What does a mortgage loan originator do?

July 8, 2020 - 6 min read

Mortgage loan officers connect borrowers to home loans

When someone buys or refinances a home, there are a number of individuals who help guide them through the mortgage process.

The mortgage loan originator (MLO) is a key part of that system. This person helps the home buyer or refinancer choose a loan, and understand all the rates and terms associated.

In short, an MLO is the essential link between a borrower and their mortgage company.

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What is a mortgage loan originator?

Mortgage loan originators, loan processors, and underwriters are all part of a team of mortgage professionals involved in creating a home loan.

One of the most important people in the process is the mortgage loan officer. Or, as they’ve become more commonly known, a mortgage loan originator (MLO).

A mortgage loan originator typically works for a bank or mortgage lender and helps mortgage borrowers in the application process.

A mortgage originator can help you find the right type of loan, as well as the best mortgage terms for you.

What does a mortgage loan originator do?

Mortgage loan originators must have a comprehensive knowledge of lending products, banking industry rules and regulations, and the required documentation for obtaining a loan.

“Loan officers evaluate, authorize, or recommend approval of loan applications for people and businesses”, according to the U.S. Bureau of Labor Statics.

This requires excellent interpersonal skills.

A good loan officer makes his or her clients feel at ease during the process, while still educating them on their decision.

Borrowing money can be a nerve-wracking experience. A good loan officer makes his or her clients feel at ease during the process, while still educating them on their decision.

Mortgage loan officers also collect and verify all required financial documentation from applicants.

They’ll use this information to determine if a mortgage borrower is qualified for a loan from the standpoint of credit-worthiness, income, and assets. They’ll also help borrowers decide which type of loan is right for them based on their finances and purchase price.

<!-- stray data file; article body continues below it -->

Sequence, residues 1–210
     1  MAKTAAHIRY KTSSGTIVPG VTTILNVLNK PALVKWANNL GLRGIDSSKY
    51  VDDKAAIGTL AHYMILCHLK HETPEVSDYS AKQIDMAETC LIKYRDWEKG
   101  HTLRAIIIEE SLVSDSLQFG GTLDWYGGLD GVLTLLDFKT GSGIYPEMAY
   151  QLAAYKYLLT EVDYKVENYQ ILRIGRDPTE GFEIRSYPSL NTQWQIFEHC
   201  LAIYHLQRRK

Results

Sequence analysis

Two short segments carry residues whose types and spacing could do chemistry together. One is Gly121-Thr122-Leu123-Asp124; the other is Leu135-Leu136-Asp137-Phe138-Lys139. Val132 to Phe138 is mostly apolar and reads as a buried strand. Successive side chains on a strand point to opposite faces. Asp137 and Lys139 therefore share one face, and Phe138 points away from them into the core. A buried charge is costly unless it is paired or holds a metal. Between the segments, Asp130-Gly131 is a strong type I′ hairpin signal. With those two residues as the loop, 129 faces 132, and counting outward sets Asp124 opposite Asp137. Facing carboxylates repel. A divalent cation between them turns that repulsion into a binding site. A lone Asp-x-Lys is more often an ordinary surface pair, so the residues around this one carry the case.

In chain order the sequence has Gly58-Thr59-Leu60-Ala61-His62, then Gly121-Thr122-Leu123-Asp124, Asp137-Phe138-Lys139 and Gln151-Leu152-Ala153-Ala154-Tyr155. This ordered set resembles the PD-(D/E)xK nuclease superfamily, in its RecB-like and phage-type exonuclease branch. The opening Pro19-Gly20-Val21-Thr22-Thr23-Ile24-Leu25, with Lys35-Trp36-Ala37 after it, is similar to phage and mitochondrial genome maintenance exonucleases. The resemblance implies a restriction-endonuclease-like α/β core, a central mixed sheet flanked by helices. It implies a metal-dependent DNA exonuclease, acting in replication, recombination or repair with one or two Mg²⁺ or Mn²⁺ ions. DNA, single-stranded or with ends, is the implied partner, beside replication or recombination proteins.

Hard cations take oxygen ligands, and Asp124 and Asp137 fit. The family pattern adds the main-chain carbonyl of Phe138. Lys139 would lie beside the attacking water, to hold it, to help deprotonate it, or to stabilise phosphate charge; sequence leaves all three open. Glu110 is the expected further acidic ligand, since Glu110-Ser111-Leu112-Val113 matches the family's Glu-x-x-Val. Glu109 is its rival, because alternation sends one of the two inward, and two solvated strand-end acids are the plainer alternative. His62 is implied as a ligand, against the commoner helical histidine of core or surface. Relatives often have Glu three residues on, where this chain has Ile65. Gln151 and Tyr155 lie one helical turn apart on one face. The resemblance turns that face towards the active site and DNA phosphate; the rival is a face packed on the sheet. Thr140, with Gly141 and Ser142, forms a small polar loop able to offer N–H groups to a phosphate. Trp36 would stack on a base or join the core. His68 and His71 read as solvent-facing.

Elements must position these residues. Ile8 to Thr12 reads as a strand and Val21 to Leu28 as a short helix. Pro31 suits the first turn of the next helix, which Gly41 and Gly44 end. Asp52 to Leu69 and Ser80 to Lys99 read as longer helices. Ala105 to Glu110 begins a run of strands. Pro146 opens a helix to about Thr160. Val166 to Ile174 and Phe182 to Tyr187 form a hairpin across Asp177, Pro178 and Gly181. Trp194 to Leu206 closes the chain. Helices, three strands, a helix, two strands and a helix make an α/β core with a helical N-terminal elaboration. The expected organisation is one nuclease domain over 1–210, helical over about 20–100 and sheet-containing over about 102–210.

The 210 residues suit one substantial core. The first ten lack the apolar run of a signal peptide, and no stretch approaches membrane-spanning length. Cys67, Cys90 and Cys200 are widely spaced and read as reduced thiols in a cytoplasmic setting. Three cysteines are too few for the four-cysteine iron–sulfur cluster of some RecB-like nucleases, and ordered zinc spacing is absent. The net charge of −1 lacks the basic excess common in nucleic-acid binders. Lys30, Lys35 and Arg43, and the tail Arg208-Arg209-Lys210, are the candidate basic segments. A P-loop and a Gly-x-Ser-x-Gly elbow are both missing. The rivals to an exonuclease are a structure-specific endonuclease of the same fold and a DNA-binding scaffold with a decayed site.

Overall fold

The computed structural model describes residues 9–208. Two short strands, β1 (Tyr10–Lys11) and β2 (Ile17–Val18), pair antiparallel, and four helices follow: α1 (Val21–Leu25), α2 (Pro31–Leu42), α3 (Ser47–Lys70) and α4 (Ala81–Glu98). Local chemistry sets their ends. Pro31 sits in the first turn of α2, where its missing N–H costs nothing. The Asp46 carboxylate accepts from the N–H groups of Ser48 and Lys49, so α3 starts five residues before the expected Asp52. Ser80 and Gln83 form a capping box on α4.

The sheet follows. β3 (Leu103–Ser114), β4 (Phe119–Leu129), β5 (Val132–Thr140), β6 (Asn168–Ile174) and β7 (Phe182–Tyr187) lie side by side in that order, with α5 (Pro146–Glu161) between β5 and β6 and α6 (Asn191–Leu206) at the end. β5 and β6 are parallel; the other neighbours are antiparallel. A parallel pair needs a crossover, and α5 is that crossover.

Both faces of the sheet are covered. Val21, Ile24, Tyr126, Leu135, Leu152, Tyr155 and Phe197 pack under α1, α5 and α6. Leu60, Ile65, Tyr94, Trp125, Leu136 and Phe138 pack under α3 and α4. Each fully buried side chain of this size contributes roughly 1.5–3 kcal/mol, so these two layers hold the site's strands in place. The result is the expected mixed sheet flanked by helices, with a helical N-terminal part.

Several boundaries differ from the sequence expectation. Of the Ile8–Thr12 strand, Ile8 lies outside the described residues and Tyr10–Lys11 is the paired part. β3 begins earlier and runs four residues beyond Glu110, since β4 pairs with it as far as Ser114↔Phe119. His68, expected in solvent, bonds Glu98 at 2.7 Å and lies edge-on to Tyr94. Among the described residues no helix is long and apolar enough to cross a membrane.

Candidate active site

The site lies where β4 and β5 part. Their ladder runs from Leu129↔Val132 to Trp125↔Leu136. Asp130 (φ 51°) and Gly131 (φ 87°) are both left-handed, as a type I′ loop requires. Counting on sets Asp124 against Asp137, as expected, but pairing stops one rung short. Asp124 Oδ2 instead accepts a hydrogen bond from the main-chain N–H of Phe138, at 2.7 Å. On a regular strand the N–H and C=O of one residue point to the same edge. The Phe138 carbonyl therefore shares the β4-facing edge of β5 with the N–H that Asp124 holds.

The profession involves a lot of paperwork and managing logistics throughout the loan process.

Do mortgage loan officers have to be licensed?

Prior to the housing crisis, mortgage originators did not have to be licensed.

Nowadays, consumers have far more protection when it comes to mortgage loans. All non-bank mortgage loan officers must now be licensed in the states where they originate loans.

If a loan originator is employed by a bank, a subsidiary of a bank, or a credit union, they do not have to obtain an loan originator license.

For all other mortgage loan officers, a fairly thorough process is necessary to obtain a license.

  • Show financial responsibility, character, and general fitness as a lender
  • Complete a minimum of 20 hours of pre-licensing education
  • Score at least 75 percent on the NMLS written test
  • Submit fingerprints to the NMLS for an FBI state and national criminal history background check
  • Submit an accurate and thorough personal history and experience document to the NMLS that includes an independent credit report, as well as any information regarding administrative, civil, or criminal findings in any jurisdiction

Mortgage licensing is overseen by the Nationwide Multi-state Licensing System, generally referred to as the “NMLS.” The NMLS issues licenses to prospective MLOs who meet the requirements.

How do mortgage loan officers get paid?

Mortgage originators typically work solely on commission, getting paid only if the loan closes.

This can be a good thing for you as the consumer. This gives loan originators incentive to help an applicant boost his or her chances for approval.

Once a mortgage is approved and the loan funds, the loan originator will receive a percentage of the total loan amount.

The commission percentage that loan officers receive varies from one lending institution to the next. But on average, loan originators receive approximately 1% of the loan amount in commission.